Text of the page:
ScienceSkepticism

Skepchick Quickies 6.26

Amanda

Amanda is a science grad student in Boston whose favorite pastimes are having friendly debates and running amok.

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41 Comments

  1. Hi, longtime reader, first-time poster.

    Love the CNN article. The headline focuses on the Pill and salon haircuts. But more than half the article talks about chiropractic adjustments, and then clarifies that it’s not salon haircuts, but the sink at the salon where you get your hair washed.

    Way to go, CNN!

  2. Imrryr:“I don’t want to spoil the “surprise” regarding quickie number 2 but Hell is just looking better and better to me.”

    As the saying goes, “Heaven for the weather, hell for the company.”

  3. Agreed, TheCzech. I would also point out that all the best bands would be playing in Hell since I doubt even the likes of Beethoven would escape the wrath of Fred Phelps. Population of Heaven: Jesus and maybe an apostle or two + Fred Phelp’s extended family. Population of Hell: 37 billion and rising.

  4. Well, at least CNN did a more even-handed report on this than the cell-phone brain cancer non-study a couple months ago. It was just meta-analysis of previous studies by some guy from AU or NZ and not even a new study.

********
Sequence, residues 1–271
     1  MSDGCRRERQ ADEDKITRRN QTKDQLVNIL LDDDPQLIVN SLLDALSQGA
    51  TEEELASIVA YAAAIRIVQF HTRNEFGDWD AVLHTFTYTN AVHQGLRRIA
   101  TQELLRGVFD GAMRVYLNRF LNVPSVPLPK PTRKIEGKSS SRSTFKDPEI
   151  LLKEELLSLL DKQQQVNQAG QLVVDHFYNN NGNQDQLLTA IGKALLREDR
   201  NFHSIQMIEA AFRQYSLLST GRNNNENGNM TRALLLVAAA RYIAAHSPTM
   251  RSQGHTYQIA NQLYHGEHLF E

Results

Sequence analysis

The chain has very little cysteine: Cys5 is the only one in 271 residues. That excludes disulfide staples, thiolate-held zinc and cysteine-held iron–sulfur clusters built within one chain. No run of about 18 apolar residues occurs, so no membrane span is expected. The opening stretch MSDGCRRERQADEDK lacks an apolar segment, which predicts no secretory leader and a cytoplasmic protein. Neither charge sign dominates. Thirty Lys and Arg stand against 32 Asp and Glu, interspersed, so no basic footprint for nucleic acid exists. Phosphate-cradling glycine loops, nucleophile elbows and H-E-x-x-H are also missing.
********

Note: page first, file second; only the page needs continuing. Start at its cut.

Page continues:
Maybe such a study exists, but I would love to see one where they have a cell phone at max power as allowed by the FCC next to a cadaver with a sensor on the inside of the skull. I wonder what percentage is blocked by the skull and surrounding tissue. Of course, they should do this at the highest allowed frequency, 1900 MHz. I guess unless it is 0% that makes it through, people will still be freaking out.

  5. WFWJP? (What Funeral Would Jesus Picket?)

    From the godhatesfags ‘article’:

    “We will picket George Carlin’s funeral. Amen”

    As one of my old classmates from Catholic high school would say, “Thanks. That’s mighty christian of ya”

    I think Jesus would want people to picket a funeral. I think its somewhere in Corinthians….near the back.

  6. Re: old school vs new school in the lab.

    I think this touches on some of rystefn’s “incorrect form vs bad form” comments in the 6.25 quickie.

    Basically, new school gets you there faster, but you can do more if you have old school experience.

    I worked in navy nuclear power for a few years.